Weinberg investigated other explanations for the data, including the possibility that it was actually the increase in women workers that led to jumps in computer use, and not the other way around. But these alternative explanations don't fit the data, he said.

"The best estimate is that a little more than half of the increase in demand for women workers is the result of growing computer use," he said.

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     COLUMBUS , Ohio – The neighborhood people live in can affect how easy it is for them to find a job, according to a new study..


     Research found that the number of hours people worked increased when they lived in neighborhoods with higher employment rates.


     Past studies have suggested a connection between neighborhood and employment, explained Bruce Weinberg, associate professor of economics at Ohio State University . But this new study confirms that, at least to some extent, the effect is real.


     Even when Weinberg and his colleagues controlled for a variety of other neighborhood characteristics such as average income and education level, the result remained: people are more likely to land a job if their neighbors already have one.


     The finding, published in a recent issue of the Journal of Labor Economics, underscores the value of a government strategy for boosting employment known as scattered site public housing.


     Since the 1980s, government agencies have tried to raise employment in cities by breaking up concentrated areas of public housing and relocating families to better neighborhoods.


     “The end result is that scattered public housing can help reduce unemployment,” said Bruce Weinberg, associate professor of economics at Ohio State .


     He and his coauthors used data from the National Longitudinal Survey, which has followed the lives of some 12,000 people since 1979.


     The survey, which grew out of an Ohio State research project from the 1970s, tracks participants’ addresses, education, and employment. The men and women were between the ages of 14-22 years when they were first surveyed in 1979, so in many cases the survey has been able to record people’s work history starting with their first job.


     For the new study, the researchers used geographic information system (GIS) software to examine how people’s choice of neighborhood correlated with employment. They looked not only at whether participants were employed, but also how many hours they worked -- for instance, whether they worked full-time or part-time.


     They used data from more than 2,300 men who participated in the survey, for whom they could compile complete addresses as well as neighborhood and employment statistics.


     They found that moving from a neighborhood with a lower employment rate to a neighborhood with a higher employment rate would, on average, raise the number of hours a person worked per year by 117 hours -- nearly three 40-hour weeks.  This represented a 6.2 percent increase over the survey average, and is approximately equal to the increase associated with an additional year of education, Weinberg said.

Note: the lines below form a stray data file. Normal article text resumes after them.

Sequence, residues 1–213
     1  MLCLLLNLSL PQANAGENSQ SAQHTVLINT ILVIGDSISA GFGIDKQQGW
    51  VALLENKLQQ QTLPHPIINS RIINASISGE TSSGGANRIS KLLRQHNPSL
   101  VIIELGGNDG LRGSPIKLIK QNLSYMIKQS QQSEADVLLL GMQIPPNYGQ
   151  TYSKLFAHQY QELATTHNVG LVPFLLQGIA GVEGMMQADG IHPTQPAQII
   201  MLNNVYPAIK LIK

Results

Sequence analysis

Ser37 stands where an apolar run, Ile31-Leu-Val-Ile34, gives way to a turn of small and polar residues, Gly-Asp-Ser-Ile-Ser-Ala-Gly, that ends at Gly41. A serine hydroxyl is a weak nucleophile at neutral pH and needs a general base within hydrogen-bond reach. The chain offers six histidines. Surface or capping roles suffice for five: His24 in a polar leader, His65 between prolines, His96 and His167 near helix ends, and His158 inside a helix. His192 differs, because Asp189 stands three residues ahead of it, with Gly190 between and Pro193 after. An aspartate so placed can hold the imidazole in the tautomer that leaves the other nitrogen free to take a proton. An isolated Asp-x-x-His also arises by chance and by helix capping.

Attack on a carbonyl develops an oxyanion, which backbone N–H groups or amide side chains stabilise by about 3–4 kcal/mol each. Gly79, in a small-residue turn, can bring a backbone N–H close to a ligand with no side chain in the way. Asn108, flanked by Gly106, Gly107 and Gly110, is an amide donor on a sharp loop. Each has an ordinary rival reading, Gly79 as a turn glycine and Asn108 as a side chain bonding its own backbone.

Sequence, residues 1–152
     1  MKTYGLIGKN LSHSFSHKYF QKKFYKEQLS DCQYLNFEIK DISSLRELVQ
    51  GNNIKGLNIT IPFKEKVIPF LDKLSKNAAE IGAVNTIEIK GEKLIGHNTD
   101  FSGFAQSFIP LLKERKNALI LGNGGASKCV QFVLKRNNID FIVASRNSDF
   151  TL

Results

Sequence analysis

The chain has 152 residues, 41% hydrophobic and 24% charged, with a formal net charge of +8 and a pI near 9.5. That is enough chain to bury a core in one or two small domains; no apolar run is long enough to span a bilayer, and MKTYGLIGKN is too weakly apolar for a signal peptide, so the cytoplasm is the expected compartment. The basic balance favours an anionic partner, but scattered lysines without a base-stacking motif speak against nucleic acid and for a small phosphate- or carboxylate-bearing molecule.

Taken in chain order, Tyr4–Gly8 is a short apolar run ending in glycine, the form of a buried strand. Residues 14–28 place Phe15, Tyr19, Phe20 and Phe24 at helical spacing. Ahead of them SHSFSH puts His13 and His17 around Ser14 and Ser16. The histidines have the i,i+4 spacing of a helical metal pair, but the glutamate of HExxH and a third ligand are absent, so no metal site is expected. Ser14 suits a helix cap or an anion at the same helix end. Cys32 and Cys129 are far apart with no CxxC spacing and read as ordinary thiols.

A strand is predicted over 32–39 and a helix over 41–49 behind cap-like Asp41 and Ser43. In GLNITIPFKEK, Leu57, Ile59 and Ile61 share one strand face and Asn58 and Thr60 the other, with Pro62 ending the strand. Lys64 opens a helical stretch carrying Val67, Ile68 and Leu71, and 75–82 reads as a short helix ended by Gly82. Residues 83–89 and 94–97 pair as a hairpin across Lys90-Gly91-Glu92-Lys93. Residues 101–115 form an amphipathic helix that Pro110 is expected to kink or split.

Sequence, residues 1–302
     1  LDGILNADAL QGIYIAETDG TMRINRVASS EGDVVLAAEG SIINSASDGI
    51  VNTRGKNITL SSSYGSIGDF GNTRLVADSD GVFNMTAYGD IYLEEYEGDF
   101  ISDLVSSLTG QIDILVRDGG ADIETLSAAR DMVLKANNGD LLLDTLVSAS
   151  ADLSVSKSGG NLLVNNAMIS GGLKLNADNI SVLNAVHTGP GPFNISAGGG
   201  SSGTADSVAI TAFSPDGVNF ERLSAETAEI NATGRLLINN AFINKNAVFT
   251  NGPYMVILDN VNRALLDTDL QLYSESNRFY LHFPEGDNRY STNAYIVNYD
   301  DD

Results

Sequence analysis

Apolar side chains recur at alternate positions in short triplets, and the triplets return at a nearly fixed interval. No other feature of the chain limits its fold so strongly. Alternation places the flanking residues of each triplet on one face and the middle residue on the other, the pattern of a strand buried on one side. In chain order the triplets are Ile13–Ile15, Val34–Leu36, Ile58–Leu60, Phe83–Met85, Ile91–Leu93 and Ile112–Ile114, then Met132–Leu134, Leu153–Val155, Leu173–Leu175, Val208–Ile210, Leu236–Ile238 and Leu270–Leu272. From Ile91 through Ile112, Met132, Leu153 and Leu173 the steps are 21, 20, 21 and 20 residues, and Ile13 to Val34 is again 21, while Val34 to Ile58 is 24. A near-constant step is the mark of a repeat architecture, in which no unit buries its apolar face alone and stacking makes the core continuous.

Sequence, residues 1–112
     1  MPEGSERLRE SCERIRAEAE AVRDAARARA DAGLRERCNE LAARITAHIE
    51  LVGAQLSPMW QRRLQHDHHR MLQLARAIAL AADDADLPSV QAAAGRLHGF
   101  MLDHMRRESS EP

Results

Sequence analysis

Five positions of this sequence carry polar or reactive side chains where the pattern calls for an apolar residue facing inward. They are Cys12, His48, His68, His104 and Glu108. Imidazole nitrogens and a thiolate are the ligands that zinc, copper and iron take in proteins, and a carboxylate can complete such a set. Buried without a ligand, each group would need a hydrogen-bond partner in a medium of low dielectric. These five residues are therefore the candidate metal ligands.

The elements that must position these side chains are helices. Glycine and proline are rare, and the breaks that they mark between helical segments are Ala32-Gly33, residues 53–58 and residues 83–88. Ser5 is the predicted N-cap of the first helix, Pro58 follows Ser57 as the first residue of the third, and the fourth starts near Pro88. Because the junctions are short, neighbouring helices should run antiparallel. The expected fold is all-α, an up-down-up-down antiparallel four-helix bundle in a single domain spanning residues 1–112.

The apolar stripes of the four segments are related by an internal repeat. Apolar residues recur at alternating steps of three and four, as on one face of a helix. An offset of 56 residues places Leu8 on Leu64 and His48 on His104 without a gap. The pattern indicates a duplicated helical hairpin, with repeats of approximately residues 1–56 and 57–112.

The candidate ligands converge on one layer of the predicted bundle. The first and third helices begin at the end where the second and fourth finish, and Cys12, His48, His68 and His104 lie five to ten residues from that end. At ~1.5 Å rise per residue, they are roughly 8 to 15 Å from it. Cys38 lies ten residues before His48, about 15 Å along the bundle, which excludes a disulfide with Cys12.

Of course, people can’t arbitrarily choose to live in a neighborhood that’s beyond their means in the hopes of getting a better job. But people who can afford to move, or who move with the aid of government assistance, can stand to benefit, the study suggests.


     Weinberg explained the theory behind scattered site public housing.


     “The idea is that your employed neighbors know where the jobs are and can help you find a job -- it makes sense,” he said. Moving a family from a housing project -- where most of their neighbors are unemployed -- to a new neighborhood where most of their neighbors are employed is one way to increase a family’s odds of finding a job.


     But breaking up public housing is an expensive and complicated strategy, since it involves tearing down high-rise apartments, building new homes, and relocating people.


     That’s why Weinberg thinks studies such as his are necessary -- to help determine whether social programs such as scattered site public housing can offer the expected benefit. Employment depends on many interacting factors, however, and isolating the effects of a single factor such as choice of neighborhood is difficult.


     Study coauthor Patricia Reagan, a professor of economics at Ohio State and a scientist with the university’s Center for Human Resource Research, said that recent advances in GIS techniques allowed the researchers to begin to tease out the complicated ways that neighborhoods influence a person’s employment.


     “The National Longitudinal Survey is already one of the most widely used surveys in the social sciences,” Reagan said. “ “When the director of the center, Professor Randall Olsen, and I realized that we had longitudinal data on participants addresses and could exploit recent advances in GIS software to determine latitude and longitude of residence as well as census tract of residence, we realized that we could expand the scope of the survey by merging it with information on the local environment in which respondents have lived,” she said.